The creation of the Nobel Prizes came about through a chance event. In 1888 Alfred's brother Ludvig died while visiting Cannes and a French newspaper erroneously published Alfred's obituary. It condemned him for his invention of dynamite and is said to have brought about his decision to leave a better legacy after his death. The headlines read "Le marchand de la mort est mort " (The merchant of death is dead) and went on to say, "Dr. Alfred Nobel, who became rich by finding ways to kill more people faster than ever before, died yesterday."

Alfred was deeply shocked with what he read and concerned with how he would be remembered after his death. He thought that he would be appreciated and fondly remembered by the people for his scientific invention of dynamite. What he read horrified him: The newspaper described him as a man who had made it possible to kill more people more quickly than anyone else who had ever lived. At that moment, Alfred Nobel realized two things: that this was how he was going to be remembered, and that this was not how he wanted to be remembered. Shortly thereafter, he established the awards.

On 27 November 1895, at the Swedish-Norwegian Club in Paris, Alfred Bernhard Nobel signed his last will and testament and set aside the bulk of his estate to establish the Nobel Prizes to be awarded annually without distinction of nationality. After taxes and bequests to individuals, Nobel's will allocated 94% of his total assets, 31,225,000 Swedish kronor, to establish the five Nobel Prizes. This converted to GBP £1,687,837 at the time.[ 2012, the capital was worth around SEK 3.1 billion (USD 472 million, EUR 337 million), which is almost twice the amount of the initial capital, taking inflation into account.

The first three of these prizes are awarded for eminence in physical science, in chemistry and in medical science or physiology; the fourth is for literary work "in an ideal direction" and the fifth prize is to be given to the person or society that renders the greatest service to the cause of international fraternity, in the suppression or reduction of standing armies, or in the establishment or furtherance of peace congresses. Thus Alfred Nobel transformed himself from being the "Merchant of death" to "Champion of Peace".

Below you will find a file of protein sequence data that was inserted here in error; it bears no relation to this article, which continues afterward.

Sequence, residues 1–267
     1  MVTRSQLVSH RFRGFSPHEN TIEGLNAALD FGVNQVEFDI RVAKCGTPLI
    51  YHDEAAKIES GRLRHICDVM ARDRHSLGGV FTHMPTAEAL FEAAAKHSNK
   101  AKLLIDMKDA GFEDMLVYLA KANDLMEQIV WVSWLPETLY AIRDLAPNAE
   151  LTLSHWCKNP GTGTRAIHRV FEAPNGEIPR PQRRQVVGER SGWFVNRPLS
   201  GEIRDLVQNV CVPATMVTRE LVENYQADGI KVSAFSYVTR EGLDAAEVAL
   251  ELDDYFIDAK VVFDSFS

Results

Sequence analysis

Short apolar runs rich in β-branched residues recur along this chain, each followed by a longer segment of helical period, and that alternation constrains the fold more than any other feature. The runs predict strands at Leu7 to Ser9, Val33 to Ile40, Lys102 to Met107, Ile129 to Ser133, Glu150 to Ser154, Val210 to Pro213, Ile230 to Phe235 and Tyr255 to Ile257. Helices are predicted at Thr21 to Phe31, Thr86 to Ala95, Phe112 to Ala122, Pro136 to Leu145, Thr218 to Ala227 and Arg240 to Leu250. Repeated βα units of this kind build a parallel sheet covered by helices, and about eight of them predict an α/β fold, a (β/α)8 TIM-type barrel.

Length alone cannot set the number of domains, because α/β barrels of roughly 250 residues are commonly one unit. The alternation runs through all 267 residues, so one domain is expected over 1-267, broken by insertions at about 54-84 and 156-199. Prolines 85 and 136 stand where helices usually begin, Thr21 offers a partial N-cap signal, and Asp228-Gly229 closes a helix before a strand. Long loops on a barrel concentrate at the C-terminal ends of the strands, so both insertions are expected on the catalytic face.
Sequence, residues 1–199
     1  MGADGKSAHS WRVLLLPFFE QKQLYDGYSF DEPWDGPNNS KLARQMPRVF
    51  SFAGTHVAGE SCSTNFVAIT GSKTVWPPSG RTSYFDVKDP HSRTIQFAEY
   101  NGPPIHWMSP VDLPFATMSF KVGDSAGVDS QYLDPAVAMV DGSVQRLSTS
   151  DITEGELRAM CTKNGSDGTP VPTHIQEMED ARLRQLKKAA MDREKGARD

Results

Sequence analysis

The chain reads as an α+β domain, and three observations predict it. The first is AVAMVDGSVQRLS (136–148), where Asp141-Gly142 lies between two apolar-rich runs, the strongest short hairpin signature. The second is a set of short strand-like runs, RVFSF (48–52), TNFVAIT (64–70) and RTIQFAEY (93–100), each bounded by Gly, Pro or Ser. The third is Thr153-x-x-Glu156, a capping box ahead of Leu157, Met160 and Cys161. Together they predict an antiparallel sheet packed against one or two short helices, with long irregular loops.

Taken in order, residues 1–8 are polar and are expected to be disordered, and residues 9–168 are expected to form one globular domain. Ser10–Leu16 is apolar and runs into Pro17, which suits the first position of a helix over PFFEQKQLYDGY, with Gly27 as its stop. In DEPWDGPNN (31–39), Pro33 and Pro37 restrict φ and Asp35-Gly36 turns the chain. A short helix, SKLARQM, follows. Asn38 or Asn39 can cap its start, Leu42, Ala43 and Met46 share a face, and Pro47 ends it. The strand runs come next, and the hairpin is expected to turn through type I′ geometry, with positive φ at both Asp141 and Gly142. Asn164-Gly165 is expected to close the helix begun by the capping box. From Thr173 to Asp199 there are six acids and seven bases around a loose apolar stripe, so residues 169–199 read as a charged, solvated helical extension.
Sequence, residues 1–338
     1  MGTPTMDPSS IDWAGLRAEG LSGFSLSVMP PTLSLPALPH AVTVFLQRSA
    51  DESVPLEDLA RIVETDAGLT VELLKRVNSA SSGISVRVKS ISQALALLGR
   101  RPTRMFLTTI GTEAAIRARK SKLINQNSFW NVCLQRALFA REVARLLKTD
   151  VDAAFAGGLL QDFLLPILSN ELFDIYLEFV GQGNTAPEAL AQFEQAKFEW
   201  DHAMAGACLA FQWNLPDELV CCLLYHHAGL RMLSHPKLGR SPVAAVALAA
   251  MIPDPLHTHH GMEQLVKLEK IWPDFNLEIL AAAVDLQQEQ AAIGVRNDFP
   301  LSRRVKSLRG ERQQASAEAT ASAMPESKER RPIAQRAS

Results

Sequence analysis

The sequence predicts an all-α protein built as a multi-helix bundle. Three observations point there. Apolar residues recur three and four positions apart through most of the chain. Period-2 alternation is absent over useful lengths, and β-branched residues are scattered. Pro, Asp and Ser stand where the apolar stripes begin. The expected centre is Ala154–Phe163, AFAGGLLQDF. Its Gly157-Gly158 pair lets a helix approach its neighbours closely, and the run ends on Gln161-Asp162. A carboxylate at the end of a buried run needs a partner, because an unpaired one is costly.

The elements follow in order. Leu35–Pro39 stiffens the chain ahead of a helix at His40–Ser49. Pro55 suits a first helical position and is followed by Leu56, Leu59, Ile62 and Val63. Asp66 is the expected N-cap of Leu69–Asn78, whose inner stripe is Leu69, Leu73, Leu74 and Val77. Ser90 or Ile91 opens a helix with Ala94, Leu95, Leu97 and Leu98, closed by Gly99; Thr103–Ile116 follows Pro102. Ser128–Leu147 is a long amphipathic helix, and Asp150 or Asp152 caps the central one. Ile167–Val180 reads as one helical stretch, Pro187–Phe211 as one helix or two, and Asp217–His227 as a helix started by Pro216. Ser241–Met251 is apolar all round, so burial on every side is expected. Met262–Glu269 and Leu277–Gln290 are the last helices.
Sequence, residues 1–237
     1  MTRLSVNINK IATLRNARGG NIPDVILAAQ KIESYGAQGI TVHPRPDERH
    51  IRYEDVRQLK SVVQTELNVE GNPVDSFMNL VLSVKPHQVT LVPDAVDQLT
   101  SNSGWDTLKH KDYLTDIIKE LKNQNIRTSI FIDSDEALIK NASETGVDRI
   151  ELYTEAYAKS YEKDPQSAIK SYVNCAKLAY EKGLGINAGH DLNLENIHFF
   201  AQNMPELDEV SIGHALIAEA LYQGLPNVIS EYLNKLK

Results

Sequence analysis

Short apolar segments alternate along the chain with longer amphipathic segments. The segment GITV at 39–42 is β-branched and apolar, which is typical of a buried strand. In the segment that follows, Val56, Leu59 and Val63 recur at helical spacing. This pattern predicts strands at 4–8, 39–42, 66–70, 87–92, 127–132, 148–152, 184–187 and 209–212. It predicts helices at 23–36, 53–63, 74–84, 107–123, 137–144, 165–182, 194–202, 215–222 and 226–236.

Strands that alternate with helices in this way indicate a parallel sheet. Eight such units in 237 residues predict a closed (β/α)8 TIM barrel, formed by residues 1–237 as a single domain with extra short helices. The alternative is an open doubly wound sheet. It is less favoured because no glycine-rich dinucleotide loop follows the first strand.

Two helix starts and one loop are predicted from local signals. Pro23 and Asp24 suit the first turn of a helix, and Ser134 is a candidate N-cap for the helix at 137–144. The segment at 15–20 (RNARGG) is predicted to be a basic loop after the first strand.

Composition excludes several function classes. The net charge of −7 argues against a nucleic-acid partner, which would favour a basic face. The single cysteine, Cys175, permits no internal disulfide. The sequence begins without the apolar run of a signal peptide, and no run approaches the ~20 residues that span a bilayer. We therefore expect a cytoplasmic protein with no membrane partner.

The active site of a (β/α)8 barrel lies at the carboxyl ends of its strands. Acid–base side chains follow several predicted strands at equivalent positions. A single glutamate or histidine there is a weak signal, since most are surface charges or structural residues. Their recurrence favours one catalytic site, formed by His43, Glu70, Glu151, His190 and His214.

Nobel Prize give us an inspiration to work passionately for a great cause. We should remember that God is constantly asking us –"Where are you? What have you done with your life? I have given you a certain amount of years; how are you using them?" We never think how we will be remembered by our families, relatives, friends and common people after our death. If, God forbid, you were to leave the world tomorrow, what would your obituary say? Would it read the way you want it to read? We can ask ourselves what we have done for the country, for the state and for the common people. Once Mother Teresa said " I do not believe that you love God if you can not love your own brothers and sisters. How can you love God which you never see unless you love your brothers and sisters whom you see everyday"

Kailash Satyarthi

Kailash Satyarthi won the 2014 Nobel Peace Prize on Friday. Satyarthi, who gave up a career as an electrical engineer in 1980 to campaign against child labour, has headed various forms of peaceful protests and demonstrations, focusing on the exploitation of children for financial gain. "It's an honor to all those children still suffering in slavery, bonded labor and trafficking," Satyarthi told TV news channel CNN-IBN after learning he won the prize. Satyarthi said that data from non-government organizations indicated that child laborers could number 60 million in India or 6 percent of the total population.